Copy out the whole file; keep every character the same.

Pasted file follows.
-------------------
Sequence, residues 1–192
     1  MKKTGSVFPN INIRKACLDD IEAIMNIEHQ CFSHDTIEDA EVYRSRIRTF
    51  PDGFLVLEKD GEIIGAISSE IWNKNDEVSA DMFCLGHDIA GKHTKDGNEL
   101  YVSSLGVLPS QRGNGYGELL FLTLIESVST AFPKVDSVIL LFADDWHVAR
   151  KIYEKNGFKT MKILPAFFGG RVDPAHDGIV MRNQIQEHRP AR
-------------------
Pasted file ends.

Sequence, residues 1–192
     1  MKKTGSVFPN INIRKACLDD IEAIMNIEHQ CFSHDTIEDA EVYRSRIRTF
    51  PDGFLVLEKD GEIIGAISSE IWNKNDEVSA DMFCLGHDIA GKHTKDGNEL
   101  YVSSLGVLPS QRGNGYGELL FLTLIESVST AFPKVDSVIL LFADDWHVAR
   151  KIYEKNGFKT MKILPAFFGG RVDPAHDGIV MRNQIQEHRP AR